Game Development Reference

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6

Games with Imperfect Information:

Theory and Algorithms

Laurent Doyen

CNRS and ENS Cachan

Jean-Francois Raskin

Universite Libre de Bruxelles

Abstract

We study observation-based strategies for two-player turn-based games

played on graphs with parity objectives. An observation-based strategy

relies on imperfect information about the history of a play, namely, on the

past sequence of observations. Such games occur in the synthesis of a con-

troller that does not see the private state of the plant. Our main results are

twofold. First, we give a fixed-point algorithm for computing the set of states

from which a player can win with a deterministic observation-based strategy

for a parity objective. Second, we give an algorithm for computing the set

of states from which a player can win with probability 1 with a randomised

observation-based strategy for a reachability objective. This set is of interest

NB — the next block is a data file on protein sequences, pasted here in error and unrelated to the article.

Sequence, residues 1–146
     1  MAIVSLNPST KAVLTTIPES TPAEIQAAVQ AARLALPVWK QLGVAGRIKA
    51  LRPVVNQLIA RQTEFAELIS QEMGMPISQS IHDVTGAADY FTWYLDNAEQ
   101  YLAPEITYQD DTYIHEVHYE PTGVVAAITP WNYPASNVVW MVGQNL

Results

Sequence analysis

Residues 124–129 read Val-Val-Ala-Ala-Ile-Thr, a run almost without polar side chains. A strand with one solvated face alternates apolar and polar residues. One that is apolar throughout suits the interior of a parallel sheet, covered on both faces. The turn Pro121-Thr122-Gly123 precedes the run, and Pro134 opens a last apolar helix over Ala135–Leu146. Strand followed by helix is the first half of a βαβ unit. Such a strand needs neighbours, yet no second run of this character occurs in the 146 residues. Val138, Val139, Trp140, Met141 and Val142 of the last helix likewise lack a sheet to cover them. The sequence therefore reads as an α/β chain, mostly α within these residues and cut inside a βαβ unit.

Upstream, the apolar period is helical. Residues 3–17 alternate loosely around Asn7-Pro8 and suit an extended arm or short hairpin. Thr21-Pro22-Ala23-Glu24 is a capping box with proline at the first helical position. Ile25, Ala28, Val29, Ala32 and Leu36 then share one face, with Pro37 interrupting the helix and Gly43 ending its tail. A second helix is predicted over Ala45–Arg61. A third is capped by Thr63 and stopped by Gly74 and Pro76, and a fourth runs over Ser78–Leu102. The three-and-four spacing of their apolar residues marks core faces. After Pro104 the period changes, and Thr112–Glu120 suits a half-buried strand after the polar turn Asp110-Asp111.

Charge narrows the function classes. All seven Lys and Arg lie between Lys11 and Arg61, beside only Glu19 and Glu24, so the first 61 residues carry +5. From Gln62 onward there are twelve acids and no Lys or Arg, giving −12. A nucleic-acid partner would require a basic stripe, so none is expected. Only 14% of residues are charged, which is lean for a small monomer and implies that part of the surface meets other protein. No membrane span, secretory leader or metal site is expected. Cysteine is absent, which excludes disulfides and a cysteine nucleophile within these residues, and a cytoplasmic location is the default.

because in the absence of perfect information, randomised strategies are

more powerful than deterministic ones.

6.1 Introduction

Games are natural models for reactive systems. We consider zero-sum two-

player turn-based games of infinite duration played on finite graphs. One

player represents a control program, and the second player represents its

environment. The graph describes the possible interactions of the system,

and the game is of infinite duration because reactive systems are usually not

expected to terminate. In the simplest setting, the game is turn-based and

with perfect information, meaning that the players have full knowledge of

both the game structure and the sequence of moves played by the adversary.

The winning condition in a zero-sum graph game is defined by a set of plays

that the first player aims to enforce, and that the second player aims to avoid.

Figure 6.5 is taken from the final version of Berwanger et al. [2008] that appeared in Information

and Computation 208(10), pp. 1206-1220, ISSN: 0890-5401. It is republished here by permission of

Elsevier.

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